Fukuoka Hotel Market Booming Thanks to Increase in Tourists From Other Asian Countries
Fukuoka: the largest city in Kyushu, the gateway to Japan for tourists from other Asian countries, and, now, a prime target for investors from in and outside Japan. Drawing particular attention is the Fukuoka hotel market, driven forward by a steady flow of tourists from abroad.
How to attract foreign tourists to Japan
Domestic and international investors alike have their eyes set on Japanese hotels. One look at the research on demand for lodging in Japan conducted by Japan National Tourism Organization (JNTO) is enough to see why. Demand for lodging increased steadily from 2008 to 2017, but the percentage of foreign tourists was only 7.2% in 2008. That number grew to 16.9% in 2017, which tells us that hotel performance is being pushed up by an increase in foreign tourists. This trend continues as of 2018. As of February, the percentage of foreign tourists had reached 18.8%. Although these statistics are for Japan as a whole, it is estimated that, in the hotel market in Fukuoka, the percentage of foreign guests has reached the latter half of 20%. In Tokyo and Osaka, that number is in the mid-30% range, and in Kyoto, there are times when 40% of guests come from overseas. If you want to increase sales at your hotel, the key is in how you attract foreign guests.
Increasing by over 10%, even when the yen is strong
The rate of increase in the number of foreign visitors to Japan as a whole is getting higher year by year. JLL analyzed the year-on-year comparison of the monthly rate of increase in the number of foreign visitors on the basis of JNTO’s survey. The results show that the increase rates up until 2014 were roughly 30%, but starting in 2015, the monthly rates were as high as 50 to 60%. These rates are thanks to a relaxation of visa requirements that was implemented in 2014. Although this trend lost momentum in 2016, the increase rates are still going strong at 10 to 20%. If the number of foreign tourists to the country keeps increasing at a rate of 15 to 20%, it will be possible to achieve the Japan Tourism Agency’s goal of welcoming 40 million foreign travelers in 2020. We can see that the number is growing steadily.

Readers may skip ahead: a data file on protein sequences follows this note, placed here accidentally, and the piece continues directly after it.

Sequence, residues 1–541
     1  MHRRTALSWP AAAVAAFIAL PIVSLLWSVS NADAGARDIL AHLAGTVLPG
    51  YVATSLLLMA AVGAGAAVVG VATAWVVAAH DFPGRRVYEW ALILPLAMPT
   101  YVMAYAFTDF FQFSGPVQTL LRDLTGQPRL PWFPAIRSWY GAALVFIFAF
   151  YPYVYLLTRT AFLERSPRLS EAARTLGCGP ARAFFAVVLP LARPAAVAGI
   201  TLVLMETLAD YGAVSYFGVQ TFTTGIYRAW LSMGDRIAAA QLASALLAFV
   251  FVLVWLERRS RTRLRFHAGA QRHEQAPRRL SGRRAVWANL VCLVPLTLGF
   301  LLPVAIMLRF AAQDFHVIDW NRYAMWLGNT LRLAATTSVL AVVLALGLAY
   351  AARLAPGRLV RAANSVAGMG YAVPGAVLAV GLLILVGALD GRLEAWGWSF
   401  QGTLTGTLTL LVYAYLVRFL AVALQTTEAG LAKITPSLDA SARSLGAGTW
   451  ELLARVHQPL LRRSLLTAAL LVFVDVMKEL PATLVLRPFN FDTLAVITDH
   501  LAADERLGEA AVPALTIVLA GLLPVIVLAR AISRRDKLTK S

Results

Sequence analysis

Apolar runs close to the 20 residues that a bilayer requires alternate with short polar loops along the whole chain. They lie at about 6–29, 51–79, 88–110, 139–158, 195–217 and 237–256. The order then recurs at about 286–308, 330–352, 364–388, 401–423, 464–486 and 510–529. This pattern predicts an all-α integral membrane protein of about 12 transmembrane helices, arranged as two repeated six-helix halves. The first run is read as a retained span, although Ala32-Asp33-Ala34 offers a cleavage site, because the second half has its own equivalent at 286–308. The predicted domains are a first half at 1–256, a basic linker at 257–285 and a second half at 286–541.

The relaxed visa requirements mentioned above are not the only reason for the rapid increase in foreign tourists. Another key factor is the tendency in the fluctuation of the exchange rate between the Japanese yen and the U.S. dollar. According to JLL's research, there is evident increase in foreign tourists when the yen is weak, and things calm down when the yen is strong—though this is only a weak correlation. Increasing lodging rates in yen, combined with exchange rates, makes them appear extremely expensive to foreign guests. It can be difficult to raise hotel prices during those times. However, the reverse is also true. When the yen is weak and foreign currency has more buying power, hotels can raise their prices—the exchange rate will offset the higher price tag. In other words, it’s easy for tourists from overseas to visit Japan when the yen is weak, and the opposite is true when the yen is strong. However, even when the yen is strong, the number of foreign tourists continues to increase by double-digit rates, giving us a hint as to the underlying strength of the demand from inbound travelers.
Do boutique hotels in Fukuoka face an uphill battle?
How are the hotels faring? We compared the growth rates of the RevPAR (revenue per available rooms per night) of business hotels and boutique hotels in Tokyo. The RevPAR of boutique hotels was about 30 thousand yen, higher than that of business hotels. The majority of guests in business hotels are Japanese businesspeople. This is centered around what is called “overnight business trip demand”—although corporate performance has revived, the upper limit of business trip expenses that many companies will pay has not changed. With Japanese businesspeople as their customers, room rates can’t go much higher than 13,000 yen, and occupancy rates can’t be expected to go much higher than 90%. The resulting reality is that there isn’t much room for the RevPAR—a measure of both room rates and occupancy rates—to grow. On the other hand, foreign tourists don’t have as many budget restrictions, and boutique hotels don’t have any trouble attracting them, which has enabled them to keep growing while raising their prices.
However, boutique hotels in Fukuoka face a very different state of affairs. Though the average occupancy rate is hovering around 85%, the room rates are hovering between about 13,000 to 14,000 yen. One has to admit that that is low compared to Tokyo. Meanwhile, the average occupancy rate of business hotels in Fukuoka is over 90%, and room prices are more than 10,000 yen, depending on the availability of rooms. The gap between the room rates at boutique hotels and business hotels is closing. This low and narrow range of room prices may also be a weak point of the Fukuoka hotel market. Not long ago, it has been announced that The Ritz-Carlton will open a hotel in a project to redevelop the site of Daimyo Elementary School, and how high the prices at said hotel would be was the subject of much attention. It’s a chicken-and-egg debate—do room prices not go up because there is no new supply of boutique hotels, or do boutique hotels not get built because demand for lodgings is low? This is a fascinating theme through which to analyze the Fukuoka hotel market.